Monkees singer/songwriter and guitarist Michael Nesmith has died aged 78.
“With infinite love we announce that Michael Nesmith has passed away this morning in his home, surrounded by family, peacefully and of natural causes,” said his family in a statement. “We ask that you respect our privacy at this time and we thank you for the love and light that all of you have shown him and us."
Nesmith was born in Texas in 1942, and turned to songwriting after serving a tour of duty in the airforce. He wrote Different Drum (later a hit for Linda Ronstadt) in 1964 and Mary, Mary, a pro-Marijuana ditty later recorded by the Paul Butterfield Blues Band.
From 1965 to early 1970 Nesmith was a member a The Monkees, and in 1967 led the band's rebellion against their manufactured, made-for-TV image, breaking ties with impresario Don Kirshner and creating an environment where the Headquarters album could be recorded. For the first time, the band could play and record their own songs, rather than using provided material and session musicians.
He continued writing songs during his time with The Monkees, but held much of the material back for other projects, including three albums by The First National Band, the pioneering country rock band whose debut album, Magnetic South, is considered by many to be a minor masterpiece.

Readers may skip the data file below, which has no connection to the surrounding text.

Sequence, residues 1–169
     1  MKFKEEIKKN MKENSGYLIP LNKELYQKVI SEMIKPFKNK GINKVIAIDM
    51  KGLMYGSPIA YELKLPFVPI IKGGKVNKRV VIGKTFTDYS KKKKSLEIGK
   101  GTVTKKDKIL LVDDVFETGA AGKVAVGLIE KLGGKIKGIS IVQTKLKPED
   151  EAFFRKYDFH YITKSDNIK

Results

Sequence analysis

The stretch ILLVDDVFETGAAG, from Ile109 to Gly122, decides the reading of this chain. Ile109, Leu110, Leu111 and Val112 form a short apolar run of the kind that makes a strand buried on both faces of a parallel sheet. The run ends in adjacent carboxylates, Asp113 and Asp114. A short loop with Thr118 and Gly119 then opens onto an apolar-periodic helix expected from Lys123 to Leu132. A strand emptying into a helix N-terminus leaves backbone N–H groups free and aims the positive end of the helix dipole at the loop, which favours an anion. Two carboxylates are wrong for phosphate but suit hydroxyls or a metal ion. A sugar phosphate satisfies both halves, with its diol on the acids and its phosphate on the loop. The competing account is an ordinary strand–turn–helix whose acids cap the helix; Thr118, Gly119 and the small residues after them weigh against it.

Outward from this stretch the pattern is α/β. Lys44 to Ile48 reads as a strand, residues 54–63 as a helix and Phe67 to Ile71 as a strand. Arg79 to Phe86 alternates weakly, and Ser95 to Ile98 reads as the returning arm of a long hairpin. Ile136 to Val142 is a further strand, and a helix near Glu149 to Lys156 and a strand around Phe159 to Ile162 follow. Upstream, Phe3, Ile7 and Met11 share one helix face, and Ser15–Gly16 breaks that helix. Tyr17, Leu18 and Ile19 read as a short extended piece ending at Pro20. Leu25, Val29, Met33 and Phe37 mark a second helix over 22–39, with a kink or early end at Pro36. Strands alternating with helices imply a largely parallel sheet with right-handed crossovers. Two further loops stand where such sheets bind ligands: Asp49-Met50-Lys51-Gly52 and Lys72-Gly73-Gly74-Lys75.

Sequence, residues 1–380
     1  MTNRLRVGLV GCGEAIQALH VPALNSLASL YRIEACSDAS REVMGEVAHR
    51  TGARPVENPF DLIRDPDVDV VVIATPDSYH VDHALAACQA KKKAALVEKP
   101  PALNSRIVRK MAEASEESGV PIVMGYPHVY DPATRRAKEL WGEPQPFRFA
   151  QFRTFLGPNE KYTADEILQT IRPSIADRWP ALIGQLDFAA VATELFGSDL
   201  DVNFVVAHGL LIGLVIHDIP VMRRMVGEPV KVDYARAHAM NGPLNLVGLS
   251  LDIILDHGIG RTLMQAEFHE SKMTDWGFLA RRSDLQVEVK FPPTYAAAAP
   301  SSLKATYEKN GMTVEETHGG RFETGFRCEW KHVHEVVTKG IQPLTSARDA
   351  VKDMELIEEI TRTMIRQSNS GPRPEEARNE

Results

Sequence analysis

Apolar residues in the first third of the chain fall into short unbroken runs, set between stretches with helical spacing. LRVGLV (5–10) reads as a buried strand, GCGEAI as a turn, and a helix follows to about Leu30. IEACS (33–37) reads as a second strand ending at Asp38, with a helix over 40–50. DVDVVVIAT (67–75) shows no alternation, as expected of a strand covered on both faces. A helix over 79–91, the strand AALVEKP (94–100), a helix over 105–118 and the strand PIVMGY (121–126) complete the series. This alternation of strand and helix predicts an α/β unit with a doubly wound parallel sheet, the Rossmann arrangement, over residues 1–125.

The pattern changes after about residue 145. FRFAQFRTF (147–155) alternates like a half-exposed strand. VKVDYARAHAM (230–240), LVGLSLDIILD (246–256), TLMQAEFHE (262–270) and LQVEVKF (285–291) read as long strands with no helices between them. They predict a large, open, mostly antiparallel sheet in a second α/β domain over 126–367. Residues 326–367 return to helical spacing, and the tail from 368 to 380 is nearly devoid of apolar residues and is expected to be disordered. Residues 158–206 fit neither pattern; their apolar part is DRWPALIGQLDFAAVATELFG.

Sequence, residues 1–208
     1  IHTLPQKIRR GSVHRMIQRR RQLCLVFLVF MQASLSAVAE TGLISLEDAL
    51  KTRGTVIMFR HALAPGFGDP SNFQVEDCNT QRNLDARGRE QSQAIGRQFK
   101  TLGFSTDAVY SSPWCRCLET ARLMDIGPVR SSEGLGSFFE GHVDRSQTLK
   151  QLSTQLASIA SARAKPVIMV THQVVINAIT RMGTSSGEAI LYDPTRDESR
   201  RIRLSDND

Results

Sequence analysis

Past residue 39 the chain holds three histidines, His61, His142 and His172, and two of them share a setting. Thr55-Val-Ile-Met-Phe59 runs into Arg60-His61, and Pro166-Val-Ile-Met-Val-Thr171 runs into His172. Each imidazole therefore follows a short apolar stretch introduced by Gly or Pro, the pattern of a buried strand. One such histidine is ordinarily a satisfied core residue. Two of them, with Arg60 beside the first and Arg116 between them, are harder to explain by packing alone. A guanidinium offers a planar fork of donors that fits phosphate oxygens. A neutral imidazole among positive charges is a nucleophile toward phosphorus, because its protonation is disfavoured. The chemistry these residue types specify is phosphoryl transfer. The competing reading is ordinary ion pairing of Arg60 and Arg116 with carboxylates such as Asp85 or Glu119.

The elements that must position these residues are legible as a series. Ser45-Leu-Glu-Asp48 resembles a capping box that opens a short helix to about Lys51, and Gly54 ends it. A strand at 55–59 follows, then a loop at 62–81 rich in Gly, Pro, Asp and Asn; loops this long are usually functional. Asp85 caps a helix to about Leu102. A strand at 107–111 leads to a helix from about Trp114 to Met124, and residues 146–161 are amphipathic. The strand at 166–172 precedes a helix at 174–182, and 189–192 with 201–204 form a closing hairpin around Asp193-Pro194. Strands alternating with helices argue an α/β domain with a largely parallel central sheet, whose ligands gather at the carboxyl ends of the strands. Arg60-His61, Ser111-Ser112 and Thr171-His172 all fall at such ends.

Nesmith continued to record and release his own music and produce others – in 1977 he had an international hit with Rio – and made sporadic live appearances with other members of The Monkees. In 1995, he joined the other members in the studio to record the comeback album Justus, and two years later wrote and directed the TV special Hey, Hey, It's the Monkees.
After the death of fellow Monkee Davy Jones in 2012, the remaining members of the band (Nesmith, plus Mickey Dolenz and Peter Tork), toured regularly, although Nesmith did not take part in the band's 50th anniversary tour in 2016, apart from filling in for Tork at two shows.
In 2018 Nesmith was diagnosed with congestive heart failure and underwent quadruple bypass heart surgery.
"It’s frightening," he told Rolling Stone. "There’s also a lot of pain involved and I didn’t like that. You can’t cough and you can’t walk and you can’t get up. And you’re hooked to these gadgets that are annoying. I didn’t even know where I was for a couple of weeks.”
“I feel like I’m increasing exponentially daily, or at least by orders of five or six percent at a time. I’m seeing the light at the end of the tunnel. My thinking is clear and I know who I am and where I am. It all feels like a natural healing process."
Tork died in 2019, and the remaining pair – Nesmith and Dolenz – announced a farewell tour earlier this year. The final show took place in Los Angeles last month.
Today, Dolenz tweeted (opens in new tab), "I’m heartbroken. I’ve lost a dear friend and partner. I’m so grateful that we could spend the last couple of months together doing what we loved best – singing, laughing, and doing shtick. I’ll miss it all so much. Especially the shtick. Rest in peace, Nez. All my love, Micky."